Samsung’s SmartTV foreshadows Internet of Things eavesdropping

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(Editor’s note: Sam­sung last week scram­bled to tweak its pri­va­cy pol­i­cy noti­fy­ing users of the capac­i­ty of micro­phones embed­ded in its SmartTV ser­vice to eaves­drop on every­day chat­ter in users’ liv­ing rooms. )

By Bob Sul­li­van, ThirdCertainty

As a leader of the oft-para­noid-sound­ing-pri­va­cy-sen­si­tive crowd, let me be the first to con­grat­u­late Sam­sung for its hon­esty. Samsung’s new pri­va­cy pol­i­cy explains that the SmartTV uses voice recog­ni­tion to let own­ers change the chan­nel and do oth­er cool things, and nat­u­ral­ly the TV has to “watch you.” Its pri­va­cy pol­i­cy states:

Please be aware that if your spo­ken words include per­son­al or oth­er sen­si­tive infor­ma­tion, that infor­ma­tion will be among the data cap­tured and trans­mit­ted to a third party.”

Am I just being para­noid, or do you also dis­like the idea of your liv­ing room chat­ter being record­ed and sent off to unknown “third par­ties?” Don’t answer that.

In truth, this is just lawyer speak. Sam­sung and its part­ners don’t want to hear about your Aunt Ethel’s health prob­lems, and they don’t want to lis­ten in on your make­out ses­sions. Real­ly, I believe that. A very respon­si­ble lawyer forced the firm to include that dis­clo­sure in the inter­est of com­plete­ness. It sounds worse than it is. Until, it isn’t.

Recall that every record stored in any com­put­er any­where can be obtained by law enforce­ment, or real­ly any­one act­ing on behalf of a court of law. The FBI can sim­ply ask Sam­sung, or its “third-par­ty” sup­pli­ers, and obtain records of what hap­pens in your liv­ing room. So can folks inves­ti­gat­ing civ­il claims, includ­ing divorce lawyers. Those make­out ses­sions would be of plen­ty of inter­est to them.

I total­ly can see the FBI or oth­ers approach­ing Sam­sung, prob­a­bly with­out think­ing there’s any need for a war­rant, and say­ing they were after a ‘bad guy’ and ‘ask­ing’ for that data,” said a for­mer col­league of mine, Steve White, who’s now pres­i­dent of a machine learn­ing tech­nol­o­gy com­pa­ny, White Marsh Forests.

Legal stand­ing

To be clear, it’s set­tled law in the U.S. – any infor­ma­tion you share with a third par­ty pri­vate com­pa­ny can be obtained by law enforce­ment. You sur­ren­der any expec­ta­tion of pri­va­cy once you dis­close some­thing to a cor­po­ra­tion, or any third par­ty. It’s the biggest end-around in Amer­i­can pri­va­cy law.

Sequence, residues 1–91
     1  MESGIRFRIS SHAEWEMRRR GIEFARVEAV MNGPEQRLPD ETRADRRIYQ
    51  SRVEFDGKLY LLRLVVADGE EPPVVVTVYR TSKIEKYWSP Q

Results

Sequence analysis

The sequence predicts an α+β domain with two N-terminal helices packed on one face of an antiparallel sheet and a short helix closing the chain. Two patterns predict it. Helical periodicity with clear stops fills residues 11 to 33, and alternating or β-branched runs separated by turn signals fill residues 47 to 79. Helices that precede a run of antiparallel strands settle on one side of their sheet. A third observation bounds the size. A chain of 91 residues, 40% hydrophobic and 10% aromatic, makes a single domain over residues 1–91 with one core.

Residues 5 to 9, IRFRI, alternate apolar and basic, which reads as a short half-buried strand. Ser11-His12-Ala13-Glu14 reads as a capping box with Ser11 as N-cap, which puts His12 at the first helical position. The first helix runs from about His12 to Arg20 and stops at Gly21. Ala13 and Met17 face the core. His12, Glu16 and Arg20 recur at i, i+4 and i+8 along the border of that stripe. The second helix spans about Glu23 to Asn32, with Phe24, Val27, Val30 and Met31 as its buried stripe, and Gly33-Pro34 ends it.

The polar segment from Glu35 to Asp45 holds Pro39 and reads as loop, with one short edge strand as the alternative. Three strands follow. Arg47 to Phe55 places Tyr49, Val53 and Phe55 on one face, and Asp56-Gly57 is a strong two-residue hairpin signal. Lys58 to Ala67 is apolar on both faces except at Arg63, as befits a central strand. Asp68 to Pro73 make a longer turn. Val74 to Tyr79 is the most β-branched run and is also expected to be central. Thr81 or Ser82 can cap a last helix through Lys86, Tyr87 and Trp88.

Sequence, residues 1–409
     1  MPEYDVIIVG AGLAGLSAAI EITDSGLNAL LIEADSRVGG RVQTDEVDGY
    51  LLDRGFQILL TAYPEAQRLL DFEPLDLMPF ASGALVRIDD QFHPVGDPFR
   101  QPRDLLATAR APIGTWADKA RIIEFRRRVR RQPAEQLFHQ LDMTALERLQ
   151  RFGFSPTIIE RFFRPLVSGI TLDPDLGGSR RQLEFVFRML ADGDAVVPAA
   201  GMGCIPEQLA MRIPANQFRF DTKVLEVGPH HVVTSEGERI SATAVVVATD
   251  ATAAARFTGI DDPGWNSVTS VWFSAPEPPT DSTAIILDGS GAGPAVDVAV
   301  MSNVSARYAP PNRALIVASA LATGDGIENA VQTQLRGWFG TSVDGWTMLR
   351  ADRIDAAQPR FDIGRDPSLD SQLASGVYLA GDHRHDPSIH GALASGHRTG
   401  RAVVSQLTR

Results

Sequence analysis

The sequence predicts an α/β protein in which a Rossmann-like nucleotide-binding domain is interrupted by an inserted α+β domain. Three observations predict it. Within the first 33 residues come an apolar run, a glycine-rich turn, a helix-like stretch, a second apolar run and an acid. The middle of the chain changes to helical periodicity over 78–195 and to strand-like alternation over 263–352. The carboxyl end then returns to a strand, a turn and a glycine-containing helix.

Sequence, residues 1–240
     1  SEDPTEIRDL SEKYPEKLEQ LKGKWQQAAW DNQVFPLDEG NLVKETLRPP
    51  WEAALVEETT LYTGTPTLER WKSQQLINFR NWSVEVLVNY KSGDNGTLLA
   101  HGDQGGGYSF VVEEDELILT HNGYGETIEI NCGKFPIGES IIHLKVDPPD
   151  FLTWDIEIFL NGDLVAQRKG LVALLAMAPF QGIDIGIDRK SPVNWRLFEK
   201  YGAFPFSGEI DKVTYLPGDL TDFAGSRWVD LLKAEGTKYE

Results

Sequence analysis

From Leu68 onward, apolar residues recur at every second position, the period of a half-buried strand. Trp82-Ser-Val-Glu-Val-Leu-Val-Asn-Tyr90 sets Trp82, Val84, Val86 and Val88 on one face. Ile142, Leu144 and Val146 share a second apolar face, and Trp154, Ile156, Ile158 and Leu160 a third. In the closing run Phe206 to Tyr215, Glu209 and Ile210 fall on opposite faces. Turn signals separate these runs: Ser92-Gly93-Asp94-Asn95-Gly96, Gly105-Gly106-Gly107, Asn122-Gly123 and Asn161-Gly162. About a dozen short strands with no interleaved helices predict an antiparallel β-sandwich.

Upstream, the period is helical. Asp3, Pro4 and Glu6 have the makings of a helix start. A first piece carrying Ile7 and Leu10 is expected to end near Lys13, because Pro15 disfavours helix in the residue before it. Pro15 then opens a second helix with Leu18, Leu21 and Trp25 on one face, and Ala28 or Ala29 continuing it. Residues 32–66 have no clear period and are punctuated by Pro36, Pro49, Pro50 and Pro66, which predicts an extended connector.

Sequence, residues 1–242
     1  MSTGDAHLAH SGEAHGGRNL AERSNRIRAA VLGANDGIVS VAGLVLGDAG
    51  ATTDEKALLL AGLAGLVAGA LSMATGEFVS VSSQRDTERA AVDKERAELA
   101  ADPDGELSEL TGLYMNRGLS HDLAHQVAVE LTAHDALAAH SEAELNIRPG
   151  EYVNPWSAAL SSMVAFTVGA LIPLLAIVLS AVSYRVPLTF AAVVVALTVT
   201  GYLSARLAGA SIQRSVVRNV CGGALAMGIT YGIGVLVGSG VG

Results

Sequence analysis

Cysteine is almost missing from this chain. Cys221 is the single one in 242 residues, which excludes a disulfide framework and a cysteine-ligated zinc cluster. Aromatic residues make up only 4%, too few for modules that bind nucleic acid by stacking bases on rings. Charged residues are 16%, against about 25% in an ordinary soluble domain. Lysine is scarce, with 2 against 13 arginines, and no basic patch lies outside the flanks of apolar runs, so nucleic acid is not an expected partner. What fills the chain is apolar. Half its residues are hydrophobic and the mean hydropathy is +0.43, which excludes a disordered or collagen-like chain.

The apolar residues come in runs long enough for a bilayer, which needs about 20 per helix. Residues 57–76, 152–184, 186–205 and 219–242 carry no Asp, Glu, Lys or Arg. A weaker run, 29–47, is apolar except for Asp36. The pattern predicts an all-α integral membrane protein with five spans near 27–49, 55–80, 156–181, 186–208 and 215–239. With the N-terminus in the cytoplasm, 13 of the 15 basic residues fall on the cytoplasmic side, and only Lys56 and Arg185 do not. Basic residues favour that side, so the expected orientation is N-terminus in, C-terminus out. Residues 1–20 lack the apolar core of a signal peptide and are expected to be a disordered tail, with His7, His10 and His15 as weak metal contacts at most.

Don’t blame Sam­sung for this. It’s just telling the truth. I hope you are now won­der­ing about any oth­er giz­mos you have invit­ed into your home that watch you. Smart ther­mostats? Inter­net-enabled crock pots? Yup, these things can squeal to any­one about you. They can relate when you come home at night and plen­ty of oth­er very per­son­al details about your life.

Any tech­nol­o­gy that watch­es (or lis­tens) to you cre­ates a record that can be used against you, even if you are in the “pri­va­cy” of your own liv­ing room. And our liv­ing rooms (and bed­rooms) are about to be inun­dat­ed with this stuff under the friend­ly name of the “Inter­net of Things.”

The prob­lem is the law. Of course Sam­sung should be able to see how its tech­nol­o­gy is work­ing, and be able to learn from real-world uses. We just need to pass laws that make it express­ly, unequiv­o­cal­ly ille­gal to use that infor­ma­tion for any­thing oth­er than its intend­ed pur­pose, and require that it be per­ma­nent­ly delet­ed as soon as that intend­ed pur­pose is complete.

Notice, I didn’t say the data should be anonymized, because (if you’ve been pay­ing atten­tion), it’s real­ly hard to anonymize data. It needs to be delet­ed. The pri­va­cy of 100 mil­lion liv­ing rooms shouldn’t be up for grabs so law enforce­ment might have a slight­ly eas­i­er time catch­ing a crim­i­nal every once in a while. That’s not the way Amer­i­ca should work.


Posted in Data Privacy, Guest Essays